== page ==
Of course. I imagined it probably varies from herb to herb, but how do you go about properly harvesting them drying them if you need to, and then storing I know you talked a little bit about making them shelf stable, but is there anything special that needs to be done along the way to make sure that you don't lose any of those bioactive goodness that's in there?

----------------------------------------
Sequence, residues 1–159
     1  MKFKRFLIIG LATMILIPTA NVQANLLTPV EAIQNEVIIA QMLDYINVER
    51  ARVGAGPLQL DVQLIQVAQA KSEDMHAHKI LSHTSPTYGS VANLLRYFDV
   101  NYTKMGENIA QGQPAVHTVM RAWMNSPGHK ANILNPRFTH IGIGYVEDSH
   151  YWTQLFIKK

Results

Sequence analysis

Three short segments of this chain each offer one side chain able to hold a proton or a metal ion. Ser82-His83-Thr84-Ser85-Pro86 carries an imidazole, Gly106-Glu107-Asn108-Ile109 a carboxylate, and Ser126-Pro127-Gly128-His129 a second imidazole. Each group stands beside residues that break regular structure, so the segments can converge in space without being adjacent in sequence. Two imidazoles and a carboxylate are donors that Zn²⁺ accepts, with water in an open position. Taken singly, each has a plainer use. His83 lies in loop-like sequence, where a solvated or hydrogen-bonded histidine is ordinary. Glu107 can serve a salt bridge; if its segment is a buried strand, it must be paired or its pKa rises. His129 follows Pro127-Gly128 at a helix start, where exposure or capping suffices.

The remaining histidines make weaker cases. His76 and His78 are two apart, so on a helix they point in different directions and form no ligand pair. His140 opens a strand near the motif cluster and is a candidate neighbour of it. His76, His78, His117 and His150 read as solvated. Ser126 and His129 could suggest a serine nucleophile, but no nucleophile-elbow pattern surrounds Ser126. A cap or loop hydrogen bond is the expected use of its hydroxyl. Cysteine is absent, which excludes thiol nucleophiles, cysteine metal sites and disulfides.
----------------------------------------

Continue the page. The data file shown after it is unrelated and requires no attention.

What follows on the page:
Yeah, yeah, no, that's a great question too. Personally, I don't like to like get people to feel too you know, like they've done something wrong it's a little personality based to like how stringent these preparations are. But I would say that there's a few different ways of preserving herbs once you've harvested them the simplest and kind of oldest way is just to to dry them and kind of the way that people are kind of like intuitively familiar with or have seen is like hanging you know hanging in like a loft or a kind of drier space than the house or perhaps barn. You know, that's okay. Although I would say that if you're able to like chop up the plant material a little bit more, and you want to try to dry it in like a shorter period of time without like super intense heat. So like airflow and warmth and dryness, you know, are the main criteria. If you're doing something really big scale and you're doing like garlic then certainly hanging it in a barn or like hanging it is going to be probably the best way to go. If you have like just small precious batches of things and you don't have as much space to do it to even indoor spaces like on top of a refrigerator or setting up a few fans the refrigerator because it's warm up there are suddenly a few fans or even just very available like plastic dehydrators are very good, very effective. So basically the idea is like not super high heats by airflow and a sort of consistently dry environment put it away before it gets damp at night again if if it's dried in a day or two. But I have personally liked to do things like make infused oils with either fresh or dried herbs where you're you know washing well chopping things pretty finely infusing it into oil. Some like to do this when it's dried because you're not introducing water so there's less possibility for to spoil. I kind of used to like to do lots of fresh infused oils and then you just kind of let the water evaporate out for the first day. And we talked about those techniques in the making Herbal Preparations 101 mini course and then there's also glycerin or tinctures. And so those are when you're putting either fresh or dried herbs into alcohol if it's tincture, or glycerin which is another it's a liquid kind of syrupy substance that's a vegetable based and actually isn't a true sugar nutritionally you know if that's a concern, or you can infuse them in honey or vinegar, which might be more, you know, tangible for the person who's not wanting to like invest in lots of supplies they might not otherwise use vinegars and honey is make really really lovely excellent herbal preparations are just kind of the vinegar or the honey will extract a little bit of the active constituents and also preserve the plant closer to how those constituents Or when the plant was fresh, or, you know if you've dried it closer to soon after, because things just degrade a little bit with time.